News & Success Stories
Local ISN R&P program boosts kidney screenings in Nepal
From a local project in Dharan city, the B.P Koirala Institute of Health Sciences prevention program now focuses on regional prevention and is developing more kidney research projects in Eastern Nepal – encouraging centers across the country to screen populations.
These efforts really show how a simple ISN-supported prevention program has paved the way for a nephrology unit and, in the near future, a small clinical research center in the low-resource setting of Nepal, thanks to the enthusiasm and perseverance of ISN Fellow Sanjib Kumar Sharma, explains Norberto Perico, from the Mario Negri Institute in Italy, who recently visited one of several outpatient nephrology clinics established through this program.
The B.P Koirala Institute of Health Sciences now wants to move towards developing more clinical research projects in collaboration with the Mario Negri Institute, given the large population of diabetic patients they have detected through the screening program.
Through the ISN GO R&P Program, Sanjib Kumar Sharma started this project in 2005. So far, more than 30,000 people have been screened for risk factors linked to Chronic Kidney Disease and cardiovascular disease. The initiative has also helped patients with high blood pressure, diabetes, proteinuria or chronic renal dysfunction manage their condition.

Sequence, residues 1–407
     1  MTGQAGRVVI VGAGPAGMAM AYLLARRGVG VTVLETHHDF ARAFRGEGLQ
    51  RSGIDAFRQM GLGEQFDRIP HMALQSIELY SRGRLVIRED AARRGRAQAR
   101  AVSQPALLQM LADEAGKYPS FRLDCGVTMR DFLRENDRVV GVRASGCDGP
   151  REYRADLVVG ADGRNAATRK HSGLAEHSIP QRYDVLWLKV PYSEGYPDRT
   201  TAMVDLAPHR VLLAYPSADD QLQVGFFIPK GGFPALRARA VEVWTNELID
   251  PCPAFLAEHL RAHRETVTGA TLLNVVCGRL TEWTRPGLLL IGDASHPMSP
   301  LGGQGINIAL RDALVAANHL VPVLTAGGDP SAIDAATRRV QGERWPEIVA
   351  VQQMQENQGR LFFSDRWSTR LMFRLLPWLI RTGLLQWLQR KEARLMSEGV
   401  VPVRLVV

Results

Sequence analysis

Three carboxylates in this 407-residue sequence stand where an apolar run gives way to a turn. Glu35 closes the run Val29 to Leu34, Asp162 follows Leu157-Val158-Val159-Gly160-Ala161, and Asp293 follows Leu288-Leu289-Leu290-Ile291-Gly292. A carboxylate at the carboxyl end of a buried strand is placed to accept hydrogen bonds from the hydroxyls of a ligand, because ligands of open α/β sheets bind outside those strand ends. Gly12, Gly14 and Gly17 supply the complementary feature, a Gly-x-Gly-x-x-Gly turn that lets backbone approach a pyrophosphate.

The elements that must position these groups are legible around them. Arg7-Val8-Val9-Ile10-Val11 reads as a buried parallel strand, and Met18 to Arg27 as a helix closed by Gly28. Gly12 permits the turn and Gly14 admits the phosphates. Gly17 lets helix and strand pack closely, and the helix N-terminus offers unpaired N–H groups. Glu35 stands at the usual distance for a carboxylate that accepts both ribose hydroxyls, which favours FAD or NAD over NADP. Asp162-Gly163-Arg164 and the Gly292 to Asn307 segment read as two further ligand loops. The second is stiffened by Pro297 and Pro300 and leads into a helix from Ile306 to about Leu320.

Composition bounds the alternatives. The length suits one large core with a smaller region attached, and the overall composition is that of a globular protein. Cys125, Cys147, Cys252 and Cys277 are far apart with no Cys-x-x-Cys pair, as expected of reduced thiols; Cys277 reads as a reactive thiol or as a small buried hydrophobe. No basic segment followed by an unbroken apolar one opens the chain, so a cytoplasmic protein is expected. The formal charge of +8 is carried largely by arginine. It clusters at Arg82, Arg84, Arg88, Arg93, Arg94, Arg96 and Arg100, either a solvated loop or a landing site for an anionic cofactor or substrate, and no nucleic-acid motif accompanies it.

Small steps towards fighting CKD in Egypt
A community-based program, the Egypt Information, Prevention and Treatment of Chronic Kidney Diseases (EGIPT-CKD) project puts energy into screening, preventing, raising awareness and increasing research into CKD and other non-communicable diseases (NCDs).
Importantly, it reveals the success and value of the ISN GO Research and Prevention (R&P) Program. It shows how limited expertise and resources have established an outpatient detection and prevention facility for CKD and other associated NCDs. The project has improved the awareness and understanding of NCDs in Damanhur city and across Egyptian society.
The data from our pilot study showed that screening for CKD is simple and inexpensive. It helps identify people at risk of the disease and motivates them to follow up on getting treatment from the right healthcare providers, explains Zaghloul Gouda who leads the project and helped develop software to help detect and recommend strategies to prevent NCDs.
The Sheffield Kidney Institute lent its support regarding data analysis, statistics, critical appraisal, manuscript writing and improving nursing staff education and training. The EGIPT-CKD Project has now been ethically approved and registered by the Egyptian Ministry of Health. It hopes to expand its scope to cover 5000 diabetic and hypertensive participants.